The Crab Nebula is categorized as a supernova remnant. It is believed to be created after the explosion of a large star while it was at the end of its lifespan. This supernova explosion was extremely bright and clearly visible to the naked eye for approximately 2 years. It was visible even during daytime for almost 23 days.
This nebula is located in the constellation of Taurus at a distance of around 6,500 light years from our planet. It was discovered by the English astronomer John Bevis in 1731. He first observed a cloudy blob in the sky.
Quick Facts: –
- The Crab Nebula has an incredibly dense and rapidly rotating object known as a pulsar at its heart. It emits high levels of radiation.
- This pulsar is thought to have a diameter of only 18 miles but it has at least 1.5 times the mass of the Sun.
- It produces 75,000 times more energy compared to the Sun. It emits radiation from the entire range of the electromagnetic spectrum.
- This nebula is created in formation of heavy elements that can even be found in our bodies and present in our solar vicinity.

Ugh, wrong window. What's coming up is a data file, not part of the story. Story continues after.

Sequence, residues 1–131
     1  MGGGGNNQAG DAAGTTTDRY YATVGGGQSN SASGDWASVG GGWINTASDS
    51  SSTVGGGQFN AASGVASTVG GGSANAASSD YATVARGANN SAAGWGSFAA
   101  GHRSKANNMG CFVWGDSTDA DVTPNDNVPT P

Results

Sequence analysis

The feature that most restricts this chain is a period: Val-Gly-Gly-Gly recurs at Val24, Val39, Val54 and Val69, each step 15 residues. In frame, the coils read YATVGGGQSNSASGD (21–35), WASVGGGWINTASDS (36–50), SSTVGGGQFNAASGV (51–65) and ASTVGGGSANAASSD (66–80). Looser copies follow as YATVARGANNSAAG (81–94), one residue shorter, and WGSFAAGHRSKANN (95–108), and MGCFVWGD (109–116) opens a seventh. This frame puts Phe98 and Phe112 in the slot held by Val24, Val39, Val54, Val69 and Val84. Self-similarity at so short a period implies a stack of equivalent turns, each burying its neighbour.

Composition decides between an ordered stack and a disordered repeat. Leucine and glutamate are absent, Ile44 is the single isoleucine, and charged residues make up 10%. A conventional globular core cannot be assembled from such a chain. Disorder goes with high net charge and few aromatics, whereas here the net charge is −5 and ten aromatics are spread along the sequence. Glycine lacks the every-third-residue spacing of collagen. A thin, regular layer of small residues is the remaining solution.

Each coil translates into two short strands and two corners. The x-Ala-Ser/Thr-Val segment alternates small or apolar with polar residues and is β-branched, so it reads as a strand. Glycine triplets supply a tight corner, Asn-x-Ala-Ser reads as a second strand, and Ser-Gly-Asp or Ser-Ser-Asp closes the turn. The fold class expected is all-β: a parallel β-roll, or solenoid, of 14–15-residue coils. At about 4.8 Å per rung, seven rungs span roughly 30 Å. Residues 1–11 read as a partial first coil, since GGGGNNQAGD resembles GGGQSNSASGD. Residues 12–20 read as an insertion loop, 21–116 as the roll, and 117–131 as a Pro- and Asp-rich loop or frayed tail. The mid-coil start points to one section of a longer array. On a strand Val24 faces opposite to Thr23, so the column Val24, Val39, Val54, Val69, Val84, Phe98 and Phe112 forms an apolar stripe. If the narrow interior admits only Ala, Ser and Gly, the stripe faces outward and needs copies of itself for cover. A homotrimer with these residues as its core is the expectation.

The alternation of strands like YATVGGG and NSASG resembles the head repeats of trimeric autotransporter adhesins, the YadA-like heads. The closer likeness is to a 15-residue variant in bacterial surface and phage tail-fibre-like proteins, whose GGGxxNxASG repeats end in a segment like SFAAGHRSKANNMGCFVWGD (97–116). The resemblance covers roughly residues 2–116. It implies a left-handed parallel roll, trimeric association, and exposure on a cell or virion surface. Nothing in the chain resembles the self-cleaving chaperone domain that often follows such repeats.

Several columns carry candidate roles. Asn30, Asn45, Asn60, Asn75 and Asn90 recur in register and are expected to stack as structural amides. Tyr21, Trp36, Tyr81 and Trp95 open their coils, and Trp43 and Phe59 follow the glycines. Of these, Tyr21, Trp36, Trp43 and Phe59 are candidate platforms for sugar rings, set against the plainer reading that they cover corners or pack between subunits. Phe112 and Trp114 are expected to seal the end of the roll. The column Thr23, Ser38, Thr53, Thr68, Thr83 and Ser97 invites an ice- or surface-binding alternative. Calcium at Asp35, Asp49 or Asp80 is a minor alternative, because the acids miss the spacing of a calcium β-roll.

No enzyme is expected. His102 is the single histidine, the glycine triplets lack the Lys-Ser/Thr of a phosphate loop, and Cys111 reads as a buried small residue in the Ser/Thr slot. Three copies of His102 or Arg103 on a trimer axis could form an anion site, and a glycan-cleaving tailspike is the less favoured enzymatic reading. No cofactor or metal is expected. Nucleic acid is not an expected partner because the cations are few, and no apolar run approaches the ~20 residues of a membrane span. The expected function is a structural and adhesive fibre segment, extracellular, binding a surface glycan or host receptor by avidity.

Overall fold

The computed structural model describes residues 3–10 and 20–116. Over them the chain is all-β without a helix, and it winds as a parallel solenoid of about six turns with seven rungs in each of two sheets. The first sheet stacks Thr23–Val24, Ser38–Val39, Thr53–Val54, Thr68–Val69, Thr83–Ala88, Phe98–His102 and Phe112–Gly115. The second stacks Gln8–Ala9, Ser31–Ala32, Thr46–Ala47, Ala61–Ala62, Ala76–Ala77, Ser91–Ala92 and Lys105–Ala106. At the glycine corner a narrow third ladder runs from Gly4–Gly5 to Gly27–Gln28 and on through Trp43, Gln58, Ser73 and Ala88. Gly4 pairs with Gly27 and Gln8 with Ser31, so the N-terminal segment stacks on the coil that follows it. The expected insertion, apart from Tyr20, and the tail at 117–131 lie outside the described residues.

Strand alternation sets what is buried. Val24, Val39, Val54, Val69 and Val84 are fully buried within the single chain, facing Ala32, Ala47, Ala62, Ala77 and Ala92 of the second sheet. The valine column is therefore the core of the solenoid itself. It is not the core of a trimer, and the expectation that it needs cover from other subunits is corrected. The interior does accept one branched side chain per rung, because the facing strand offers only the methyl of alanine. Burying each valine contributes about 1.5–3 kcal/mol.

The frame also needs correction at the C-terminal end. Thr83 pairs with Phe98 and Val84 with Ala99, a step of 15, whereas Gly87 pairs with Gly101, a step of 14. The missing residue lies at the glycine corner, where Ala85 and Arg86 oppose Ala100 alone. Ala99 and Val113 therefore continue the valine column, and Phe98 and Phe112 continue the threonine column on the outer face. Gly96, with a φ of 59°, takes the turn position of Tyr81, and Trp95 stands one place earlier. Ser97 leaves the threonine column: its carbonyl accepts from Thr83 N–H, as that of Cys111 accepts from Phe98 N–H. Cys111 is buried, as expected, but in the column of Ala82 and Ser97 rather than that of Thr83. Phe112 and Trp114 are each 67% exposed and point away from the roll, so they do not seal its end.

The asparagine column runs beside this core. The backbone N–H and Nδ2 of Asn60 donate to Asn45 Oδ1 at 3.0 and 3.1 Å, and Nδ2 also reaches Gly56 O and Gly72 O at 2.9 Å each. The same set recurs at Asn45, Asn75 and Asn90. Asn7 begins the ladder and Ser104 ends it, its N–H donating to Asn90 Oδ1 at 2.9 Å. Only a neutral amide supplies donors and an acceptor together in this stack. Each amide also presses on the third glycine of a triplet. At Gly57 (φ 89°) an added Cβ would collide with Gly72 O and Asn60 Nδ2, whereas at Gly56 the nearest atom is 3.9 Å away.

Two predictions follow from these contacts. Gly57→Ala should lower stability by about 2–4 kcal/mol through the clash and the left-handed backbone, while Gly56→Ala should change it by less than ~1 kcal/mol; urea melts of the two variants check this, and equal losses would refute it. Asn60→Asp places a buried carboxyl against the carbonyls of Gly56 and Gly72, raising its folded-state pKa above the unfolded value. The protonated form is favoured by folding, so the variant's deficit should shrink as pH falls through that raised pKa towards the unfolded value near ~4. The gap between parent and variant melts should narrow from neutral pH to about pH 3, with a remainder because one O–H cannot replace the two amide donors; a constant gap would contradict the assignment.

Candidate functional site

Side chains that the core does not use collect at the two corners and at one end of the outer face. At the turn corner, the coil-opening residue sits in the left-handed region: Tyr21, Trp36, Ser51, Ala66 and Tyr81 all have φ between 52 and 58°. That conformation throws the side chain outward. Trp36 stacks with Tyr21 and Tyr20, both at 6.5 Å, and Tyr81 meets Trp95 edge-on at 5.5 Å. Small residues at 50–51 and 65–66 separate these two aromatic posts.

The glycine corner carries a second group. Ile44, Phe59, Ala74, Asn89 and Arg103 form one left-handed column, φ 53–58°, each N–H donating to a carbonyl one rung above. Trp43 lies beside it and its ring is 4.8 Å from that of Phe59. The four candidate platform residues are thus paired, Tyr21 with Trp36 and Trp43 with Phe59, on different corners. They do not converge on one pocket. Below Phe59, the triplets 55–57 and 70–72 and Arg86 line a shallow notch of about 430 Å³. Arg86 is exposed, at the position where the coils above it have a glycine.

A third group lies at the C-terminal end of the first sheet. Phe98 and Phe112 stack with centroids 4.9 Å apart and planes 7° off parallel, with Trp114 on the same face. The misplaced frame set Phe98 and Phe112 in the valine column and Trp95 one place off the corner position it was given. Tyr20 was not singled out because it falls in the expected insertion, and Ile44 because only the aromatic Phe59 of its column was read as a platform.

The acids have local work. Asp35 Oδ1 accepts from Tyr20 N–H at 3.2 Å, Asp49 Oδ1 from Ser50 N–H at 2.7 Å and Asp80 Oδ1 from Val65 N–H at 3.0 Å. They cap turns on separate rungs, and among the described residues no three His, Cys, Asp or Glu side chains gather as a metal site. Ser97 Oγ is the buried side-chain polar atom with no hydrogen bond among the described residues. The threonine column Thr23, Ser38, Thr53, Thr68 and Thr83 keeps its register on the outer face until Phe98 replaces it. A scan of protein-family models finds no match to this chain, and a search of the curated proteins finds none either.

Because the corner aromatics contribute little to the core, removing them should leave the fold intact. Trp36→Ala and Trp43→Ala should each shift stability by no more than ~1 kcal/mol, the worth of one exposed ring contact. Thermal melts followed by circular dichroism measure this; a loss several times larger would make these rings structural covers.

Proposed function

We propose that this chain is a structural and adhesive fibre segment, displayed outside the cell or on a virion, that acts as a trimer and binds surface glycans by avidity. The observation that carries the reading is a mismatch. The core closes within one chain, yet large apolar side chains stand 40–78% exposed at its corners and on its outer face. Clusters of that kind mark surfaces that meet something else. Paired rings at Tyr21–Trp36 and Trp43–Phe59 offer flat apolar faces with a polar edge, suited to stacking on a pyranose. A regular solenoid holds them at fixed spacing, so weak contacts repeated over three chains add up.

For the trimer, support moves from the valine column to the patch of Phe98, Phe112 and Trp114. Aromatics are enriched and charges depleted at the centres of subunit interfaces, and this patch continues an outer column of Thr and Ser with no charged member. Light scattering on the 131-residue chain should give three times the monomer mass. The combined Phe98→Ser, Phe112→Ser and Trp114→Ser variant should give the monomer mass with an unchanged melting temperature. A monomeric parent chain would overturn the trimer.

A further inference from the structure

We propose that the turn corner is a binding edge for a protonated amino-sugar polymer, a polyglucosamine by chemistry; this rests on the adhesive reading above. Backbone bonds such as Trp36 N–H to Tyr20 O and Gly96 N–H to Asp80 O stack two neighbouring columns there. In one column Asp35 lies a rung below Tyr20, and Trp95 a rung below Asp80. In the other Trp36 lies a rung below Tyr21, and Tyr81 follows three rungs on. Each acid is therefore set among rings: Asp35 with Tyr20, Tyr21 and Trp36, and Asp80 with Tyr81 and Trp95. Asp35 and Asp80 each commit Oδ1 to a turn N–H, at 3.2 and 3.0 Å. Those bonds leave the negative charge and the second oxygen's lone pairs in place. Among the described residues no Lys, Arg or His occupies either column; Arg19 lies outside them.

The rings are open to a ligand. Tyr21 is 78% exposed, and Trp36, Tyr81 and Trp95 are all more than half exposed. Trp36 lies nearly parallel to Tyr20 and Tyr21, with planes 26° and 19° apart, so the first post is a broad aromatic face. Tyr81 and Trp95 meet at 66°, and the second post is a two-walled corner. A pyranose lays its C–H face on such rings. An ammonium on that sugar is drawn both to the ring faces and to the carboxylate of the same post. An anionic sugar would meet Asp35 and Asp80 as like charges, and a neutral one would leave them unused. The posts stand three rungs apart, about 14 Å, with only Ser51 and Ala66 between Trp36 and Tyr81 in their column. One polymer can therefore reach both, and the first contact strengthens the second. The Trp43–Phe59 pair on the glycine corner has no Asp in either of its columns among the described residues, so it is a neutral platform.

- It also created interstellar mediums. The shock waves are produced which heat up the temperature in these mediums.
- The Crab Nebula is the first ever object to be recognized as a supernova remnant.
- Zeta Pegasi is the nearest bright star to this nebula. Once you locate this star, you can easily find the nebula in the sky.
- The magnetic field of the nebula has four magnetic poles rather than two, making it even cooler.
Cite This Page
You may cut-and-paste the below MLA and APA citation examples:
MLA Style Citation
Declan, Tobin. " Cool Facts for Kids about Crab Nebula ." Easy Science for Kids, Jul 2020. Web. 03 Jul 2020. < https://easyscienceforkids.com/crab-nebula/ >.
APA Style Citation
Tobin, Declan. (2020). Cool Facts for Kids about Crab Nebula. Easy Science for Kids. Retrieved from https://easyscienceforkids.com/crab-nebula/
We've recently added
- How To Build a Winogradsky Column and Learn About Soil Science
- Potato Light Bulb Experiment
- How To Use Friction to Pick Up Bottle of Rice
- How To Make Popcorn Dance
- Vinegar and Baking Soda Fire Extinguisher
- Power of Bleach
- Comparing Surface Tension of Liquids with Pennies
- Ice Cream Chemistry
- Using Distillation to Purify Water
- Filter Water with Dirt
- Build a Balloon Barometer
- Build Your Very Own Seismograph
Sponsored Links :